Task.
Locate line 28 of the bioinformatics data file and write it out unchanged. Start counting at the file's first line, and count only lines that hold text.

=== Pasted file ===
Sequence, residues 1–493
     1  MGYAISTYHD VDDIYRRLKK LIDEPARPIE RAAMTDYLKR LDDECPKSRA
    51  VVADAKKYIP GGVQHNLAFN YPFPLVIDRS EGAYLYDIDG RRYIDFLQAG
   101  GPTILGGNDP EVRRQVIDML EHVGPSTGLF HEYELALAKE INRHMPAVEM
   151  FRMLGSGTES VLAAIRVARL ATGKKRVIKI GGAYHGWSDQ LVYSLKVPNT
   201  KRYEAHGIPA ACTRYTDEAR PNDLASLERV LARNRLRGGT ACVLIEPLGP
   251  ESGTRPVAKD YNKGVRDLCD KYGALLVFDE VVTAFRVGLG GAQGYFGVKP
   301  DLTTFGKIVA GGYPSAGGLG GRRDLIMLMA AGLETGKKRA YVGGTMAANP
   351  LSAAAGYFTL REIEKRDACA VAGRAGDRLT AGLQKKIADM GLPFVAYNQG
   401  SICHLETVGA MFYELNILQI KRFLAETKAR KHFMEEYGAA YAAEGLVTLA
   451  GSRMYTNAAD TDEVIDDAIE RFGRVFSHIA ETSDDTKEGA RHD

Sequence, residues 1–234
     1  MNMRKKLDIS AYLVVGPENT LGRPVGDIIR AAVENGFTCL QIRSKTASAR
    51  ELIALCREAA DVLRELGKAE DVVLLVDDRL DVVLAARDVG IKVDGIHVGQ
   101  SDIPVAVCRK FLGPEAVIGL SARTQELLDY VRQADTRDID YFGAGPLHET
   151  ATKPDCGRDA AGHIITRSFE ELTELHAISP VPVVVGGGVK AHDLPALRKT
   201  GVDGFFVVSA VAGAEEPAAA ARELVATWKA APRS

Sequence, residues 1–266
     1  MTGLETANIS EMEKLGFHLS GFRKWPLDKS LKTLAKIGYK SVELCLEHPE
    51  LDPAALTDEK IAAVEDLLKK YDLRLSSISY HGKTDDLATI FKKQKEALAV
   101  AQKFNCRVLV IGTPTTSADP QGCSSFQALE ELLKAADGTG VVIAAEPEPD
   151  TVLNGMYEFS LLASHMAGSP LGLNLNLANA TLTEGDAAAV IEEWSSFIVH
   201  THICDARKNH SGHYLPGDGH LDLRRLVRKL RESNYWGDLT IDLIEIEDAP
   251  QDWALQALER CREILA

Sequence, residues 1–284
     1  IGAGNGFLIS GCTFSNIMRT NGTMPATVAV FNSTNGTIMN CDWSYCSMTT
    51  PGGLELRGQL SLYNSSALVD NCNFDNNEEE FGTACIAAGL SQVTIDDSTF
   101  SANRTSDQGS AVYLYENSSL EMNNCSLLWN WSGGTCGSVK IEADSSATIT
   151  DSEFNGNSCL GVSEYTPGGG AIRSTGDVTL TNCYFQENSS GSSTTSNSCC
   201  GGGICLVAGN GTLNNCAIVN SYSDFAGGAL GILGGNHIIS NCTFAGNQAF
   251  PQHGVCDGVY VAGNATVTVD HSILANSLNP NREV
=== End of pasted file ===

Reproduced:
   101  SANRTSDQGS AVYLYENSSL EMNNCSLLWN WSGGTCGSVK IEADSSATIT